Guest post by: Tom Tomorrow
I was optimistic about the JLI relaunch for a number of reasons. I’ve always enjoyed the Giffen/DeMatteis “Bwa-ha-ha”-era League of misfits, and this version of the team largely carries over from Justice League: Generation Lost, which I liked a lot. There’s also Dan Jurgens’ return as writer, which I note mainly because he wrote the first Justice League comics I ever read, way back in 1992. Jurgens might not be Grant Morrison, but he’s always turned in solid superhero stories, especially with Booster Gold. On top of all that, I was somewhat underwhelmed by the core Justice League premiere, and hoped that this would be different.
It was. In fact, Justice League International #1 is almost the anti-Justice League #1, for all the good and bad that entails. The good is that this brings the whole team together (as the cover art might suggest) and introduces clear conflicts and threats right from the very beginning — no decompression in sight. Jurgens quickly establishes characters’ roles within the team, tensions between them, and conflicts with authority and the public that are sure to be ongoing. The art is clean and crisp, with the sort of clear action and expressive faces that Aaron Lopresti always brings to the table.
What Lopresti has to work with is less stellar. I’m all for decompression, but there are some pages that feel cramped, as the story moves at perhaps too brisk a pace. There’s also the problem of unnecessary costume redesigns, most obviously on the first page, where Lopresti’s clear, classic renderings of the new Captain Atom and Booster Gold costumes make them look utterly ridiculous. Booster’s original costume was well-balanced; now he can join Superman in the “too much blue” club — except that Booster is mostly teal. It doesn’t help that the awkward piping on his collarbone looks inexplicably like a “W.”
The decompression also means there’s not much subtlety or nuance to the character development. The Russian UN delegate ticks every box on the ‘80s movie Soviet stereotype card, the crowd of rioters outside the Hall of Justice improbably shout plot points, and the nationalistic rivalry between Rocket Red and August General in Iron makes them both look like petulant children. It’s not all bad; Booster Gold and Guy Gardner are both exactly what you’d expect, and Batman gets some good moments as well, but most of the rest of the cast is left as broadly-defined stereotypes or blank slates. Jurgens does a good job developing relationships and tensions between the Leaguers, but skimps on their individual personalities and motivations.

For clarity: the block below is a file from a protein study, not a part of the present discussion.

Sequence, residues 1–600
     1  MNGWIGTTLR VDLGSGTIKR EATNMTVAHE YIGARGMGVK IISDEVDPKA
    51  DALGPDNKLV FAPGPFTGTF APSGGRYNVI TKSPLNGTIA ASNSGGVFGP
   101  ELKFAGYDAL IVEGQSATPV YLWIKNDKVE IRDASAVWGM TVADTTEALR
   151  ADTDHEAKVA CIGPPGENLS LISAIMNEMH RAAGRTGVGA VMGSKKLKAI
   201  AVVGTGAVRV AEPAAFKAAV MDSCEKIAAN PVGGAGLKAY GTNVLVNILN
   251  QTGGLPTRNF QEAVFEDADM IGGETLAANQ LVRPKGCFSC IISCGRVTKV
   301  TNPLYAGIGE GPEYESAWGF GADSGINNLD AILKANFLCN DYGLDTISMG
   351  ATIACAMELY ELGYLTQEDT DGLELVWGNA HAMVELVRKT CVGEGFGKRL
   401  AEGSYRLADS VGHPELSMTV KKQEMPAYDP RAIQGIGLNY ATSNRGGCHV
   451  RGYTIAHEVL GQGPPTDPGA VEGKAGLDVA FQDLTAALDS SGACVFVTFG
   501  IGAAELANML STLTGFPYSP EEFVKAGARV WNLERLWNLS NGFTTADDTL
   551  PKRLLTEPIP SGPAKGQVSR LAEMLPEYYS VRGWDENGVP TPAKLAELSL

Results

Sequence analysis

The plot is pretty straightforward — people go missing, heroes investigate, battle scene — and that much makes for a good, classically action-oriented comic. The Hall of Justice subplot is confusing, leading me to wonder if it’s a holdover from the pre-Flashpoint era, or if the brief treatment just left out too much detail. Either way, it’s hard to get worked up about losing a building that only appeared in full on-panel once it was already on fire.
Overall, I think the book suffers from trying to do too much. Not only is it meant to bring the JLI together and introduce the members to new audiences, but it also kicks off several short- and long-term conflicts, explores some of the New 52 DCU’s politics, and tries to recapture some of the humor and character drama that people remember so fondly from the Giffen/DeMatteis era. It all adds up to a decent, old-school superhero book, which sounds like an insult in this “bold new era,” but I’m glad that there’s still a place for such material in the New 52. And as long as future issues provide a little more room to breathe and add a couple more dimensions onto the characters, I’ll continue reading. Just incase there isn’t, I’m putting it ON PROBATION.
My Best of 2012 Playlist by Eric Garneau
After being inspired by some friends, for the past few years I’ve been really into documenting my musical exploration with year-end mixes. I realize this is not a particularly novel thing to do, but hey, who has original ideas any more? Anyway, this has gotten even easier to do thanks to new technology like Spotify. read more